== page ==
The most significant pressure, however, arises from demographic change. Again this is attributable to improved health care--the population of most developed nations is aging. A new spectrum of disease is emerging. Diseases of the elderly such as arthritis, senile dementia and Parkinson's disease are assuming greater prominence and are placing an increasing burden on the community. An inevitable consequence of this demographic trend is that there is a decreasing ratio of those who are earning compared with the retired, reducing the revenue available to fund public-sector health services. Unemployment is another factor putting pressure on social security budgets.
The political, economic and social climate in which we find ourselves is changing at an unprecedented pace. The challenge for the pharmaceutical company is to keep up with the changing patterns and respond to them effectively.
The rate of increase in costs of delivery of health care has forced health-care providers worldwide to seek to reduce their costs. Patented pharmaceuticals, though only 14 per cent of the overall Canadian health-care bill, are a target. This is putting pressure on the industry to seek new approaches.
What is emerging in the industry are two views of the way forward--investment in science and technology to create significant new medicines or investment in the means of provision of existing medicines to ensure continued revenue from old medicines. In Glaxo Wellcome we believe that the first view is the better one, both from the point of view of the development of the industry and also because there will be a virtual cessation in the advance of therapeutics into the difficult fields of medicine that now present our most formidable challenges, unless companies take this approach.
We must understand what the world of medicine--the patients, the doctors and the providers of funding for health care--is looking for from the industry. New drugs to cure, or at least modify, serious common diseases will only come from an approach to drug discovery which is based on understanding and rational design of novel molecules--a move away from "me too" medicines towards totally novel classes of medicines and therapies.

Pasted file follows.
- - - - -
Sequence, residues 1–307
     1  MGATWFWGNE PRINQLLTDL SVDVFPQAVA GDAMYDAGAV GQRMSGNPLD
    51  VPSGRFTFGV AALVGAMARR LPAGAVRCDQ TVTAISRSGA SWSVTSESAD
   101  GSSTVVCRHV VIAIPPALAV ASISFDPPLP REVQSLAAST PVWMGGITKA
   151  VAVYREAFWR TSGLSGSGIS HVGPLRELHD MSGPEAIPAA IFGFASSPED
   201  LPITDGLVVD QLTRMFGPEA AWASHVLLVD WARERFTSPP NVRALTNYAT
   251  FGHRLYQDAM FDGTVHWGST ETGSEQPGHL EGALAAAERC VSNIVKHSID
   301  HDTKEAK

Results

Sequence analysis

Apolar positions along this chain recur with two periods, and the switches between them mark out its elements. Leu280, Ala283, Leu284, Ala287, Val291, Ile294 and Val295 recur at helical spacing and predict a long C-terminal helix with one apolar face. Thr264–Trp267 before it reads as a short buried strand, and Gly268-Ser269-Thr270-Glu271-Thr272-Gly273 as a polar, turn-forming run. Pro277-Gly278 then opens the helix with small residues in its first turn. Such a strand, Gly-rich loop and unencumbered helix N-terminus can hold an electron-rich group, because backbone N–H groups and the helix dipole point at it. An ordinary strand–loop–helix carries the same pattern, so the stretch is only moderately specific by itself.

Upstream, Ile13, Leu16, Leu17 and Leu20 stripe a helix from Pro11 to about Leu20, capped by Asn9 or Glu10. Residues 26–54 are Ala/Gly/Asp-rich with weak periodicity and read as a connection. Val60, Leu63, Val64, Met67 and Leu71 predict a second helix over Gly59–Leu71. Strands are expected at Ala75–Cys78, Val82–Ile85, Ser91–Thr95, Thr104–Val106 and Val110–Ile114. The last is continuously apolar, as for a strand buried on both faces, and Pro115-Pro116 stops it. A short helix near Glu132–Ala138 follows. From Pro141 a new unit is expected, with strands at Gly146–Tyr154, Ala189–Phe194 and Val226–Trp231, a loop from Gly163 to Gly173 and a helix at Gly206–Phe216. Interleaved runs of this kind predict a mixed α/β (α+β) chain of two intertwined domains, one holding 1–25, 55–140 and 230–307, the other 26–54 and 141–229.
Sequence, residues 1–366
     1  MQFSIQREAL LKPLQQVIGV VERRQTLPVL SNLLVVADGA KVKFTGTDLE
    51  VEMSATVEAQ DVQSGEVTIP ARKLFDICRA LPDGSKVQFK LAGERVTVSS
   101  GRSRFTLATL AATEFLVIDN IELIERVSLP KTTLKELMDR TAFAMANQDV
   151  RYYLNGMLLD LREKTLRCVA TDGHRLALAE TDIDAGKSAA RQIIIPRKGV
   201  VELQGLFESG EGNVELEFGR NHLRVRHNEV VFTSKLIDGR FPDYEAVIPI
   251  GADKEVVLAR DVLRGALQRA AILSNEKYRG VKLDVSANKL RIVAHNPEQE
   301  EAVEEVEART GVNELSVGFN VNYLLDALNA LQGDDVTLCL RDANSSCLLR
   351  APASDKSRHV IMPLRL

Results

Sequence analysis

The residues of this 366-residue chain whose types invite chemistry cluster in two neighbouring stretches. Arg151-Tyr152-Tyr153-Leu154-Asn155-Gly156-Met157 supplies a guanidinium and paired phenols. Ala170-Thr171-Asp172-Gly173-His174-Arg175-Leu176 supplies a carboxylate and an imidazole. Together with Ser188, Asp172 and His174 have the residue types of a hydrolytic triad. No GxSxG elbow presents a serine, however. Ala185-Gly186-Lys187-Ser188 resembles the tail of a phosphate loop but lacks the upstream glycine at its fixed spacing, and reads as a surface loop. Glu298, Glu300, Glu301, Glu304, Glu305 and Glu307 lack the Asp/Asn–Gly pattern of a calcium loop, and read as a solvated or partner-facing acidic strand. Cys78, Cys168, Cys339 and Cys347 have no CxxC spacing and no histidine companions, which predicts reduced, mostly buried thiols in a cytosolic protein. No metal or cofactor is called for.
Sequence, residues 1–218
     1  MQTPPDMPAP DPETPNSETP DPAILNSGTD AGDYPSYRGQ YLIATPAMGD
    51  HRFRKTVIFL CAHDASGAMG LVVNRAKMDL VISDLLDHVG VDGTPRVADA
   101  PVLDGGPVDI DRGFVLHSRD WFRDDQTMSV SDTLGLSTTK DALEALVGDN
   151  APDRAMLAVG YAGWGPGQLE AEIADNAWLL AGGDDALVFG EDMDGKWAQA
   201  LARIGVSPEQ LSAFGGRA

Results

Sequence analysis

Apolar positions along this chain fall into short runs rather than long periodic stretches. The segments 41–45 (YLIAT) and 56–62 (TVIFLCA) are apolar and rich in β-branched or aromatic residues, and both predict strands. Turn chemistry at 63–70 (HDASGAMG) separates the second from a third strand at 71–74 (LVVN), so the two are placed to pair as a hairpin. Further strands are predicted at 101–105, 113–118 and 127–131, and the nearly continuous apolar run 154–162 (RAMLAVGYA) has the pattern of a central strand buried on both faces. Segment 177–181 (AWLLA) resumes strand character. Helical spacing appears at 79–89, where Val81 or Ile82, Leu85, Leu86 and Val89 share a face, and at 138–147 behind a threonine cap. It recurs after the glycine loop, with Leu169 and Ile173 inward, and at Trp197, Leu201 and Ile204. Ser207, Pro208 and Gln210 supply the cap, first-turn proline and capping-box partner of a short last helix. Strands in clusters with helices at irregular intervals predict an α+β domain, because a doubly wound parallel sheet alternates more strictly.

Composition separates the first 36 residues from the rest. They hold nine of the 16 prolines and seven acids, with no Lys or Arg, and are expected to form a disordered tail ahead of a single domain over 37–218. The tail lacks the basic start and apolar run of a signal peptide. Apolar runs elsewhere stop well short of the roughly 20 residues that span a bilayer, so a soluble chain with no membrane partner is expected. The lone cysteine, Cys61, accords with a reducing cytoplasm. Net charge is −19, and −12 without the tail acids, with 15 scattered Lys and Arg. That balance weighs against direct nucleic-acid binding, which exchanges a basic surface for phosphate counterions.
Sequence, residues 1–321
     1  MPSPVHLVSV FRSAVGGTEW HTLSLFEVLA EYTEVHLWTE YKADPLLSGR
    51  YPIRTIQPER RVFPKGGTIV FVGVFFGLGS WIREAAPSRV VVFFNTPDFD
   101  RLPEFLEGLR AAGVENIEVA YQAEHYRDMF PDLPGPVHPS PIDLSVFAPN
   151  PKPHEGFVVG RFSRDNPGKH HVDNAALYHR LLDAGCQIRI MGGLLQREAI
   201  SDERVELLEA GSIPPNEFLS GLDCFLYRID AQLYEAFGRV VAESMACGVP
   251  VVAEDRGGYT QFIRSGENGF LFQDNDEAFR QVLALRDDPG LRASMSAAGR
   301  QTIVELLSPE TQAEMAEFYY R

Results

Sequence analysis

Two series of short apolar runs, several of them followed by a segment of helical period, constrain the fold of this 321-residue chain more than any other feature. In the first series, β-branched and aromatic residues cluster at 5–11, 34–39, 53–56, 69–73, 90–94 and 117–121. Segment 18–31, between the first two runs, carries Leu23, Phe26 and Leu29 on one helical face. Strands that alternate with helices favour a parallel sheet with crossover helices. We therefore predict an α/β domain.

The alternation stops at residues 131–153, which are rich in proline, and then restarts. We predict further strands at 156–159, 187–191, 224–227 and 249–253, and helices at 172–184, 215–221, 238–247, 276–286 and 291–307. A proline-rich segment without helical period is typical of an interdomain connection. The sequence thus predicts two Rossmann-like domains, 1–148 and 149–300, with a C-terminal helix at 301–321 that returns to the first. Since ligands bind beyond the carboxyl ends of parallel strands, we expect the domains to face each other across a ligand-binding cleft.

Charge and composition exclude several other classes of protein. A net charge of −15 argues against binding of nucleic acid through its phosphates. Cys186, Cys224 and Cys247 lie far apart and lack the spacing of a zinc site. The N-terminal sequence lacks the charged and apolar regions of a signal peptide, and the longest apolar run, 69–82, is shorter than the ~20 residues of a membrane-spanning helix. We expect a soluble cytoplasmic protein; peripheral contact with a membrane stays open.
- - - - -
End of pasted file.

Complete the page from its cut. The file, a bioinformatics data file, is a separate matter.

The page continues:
Therefore if it is to remain successful, the pharmaceutical industry must:
• concentrate on drug discovery for the major diseases;
• focus on understanding disease process;
• identify novel drug targets effectively; and
• maintain efficient processes for worldwide drug development and registration.
As a company, Glaxo Wellcome is strongly committed to fighting disease. That commitment naturally extends to the increasing diseases of the elderly, as well as established targets like cancer, AIDS and respiratory disease and older diseases like tuberculosis which are threatening to make a comeback as resistance to existing treatments builds up. Our commitment is graphically demonstrated by the fact that in 1996 we are investing 1.2 billion--or approximately $2.4 billion Canadian--in the research and development of new medicines. Within Canada itself we are spending some $50 million per year on R and D, about 13 per cent of sales revenue. Glaxo Wellcome research and development funding creates high-quality research positions at universities, hospitals and research facilities in Canada--Canadians developing and refining pharmaceutical products for use in this country and around the world. The largest of these projects is the Glaxo Heritage Research Institute at the University of Alberta that was established in 1992 and continues to be supported with more than $750,000 annually in operating grants.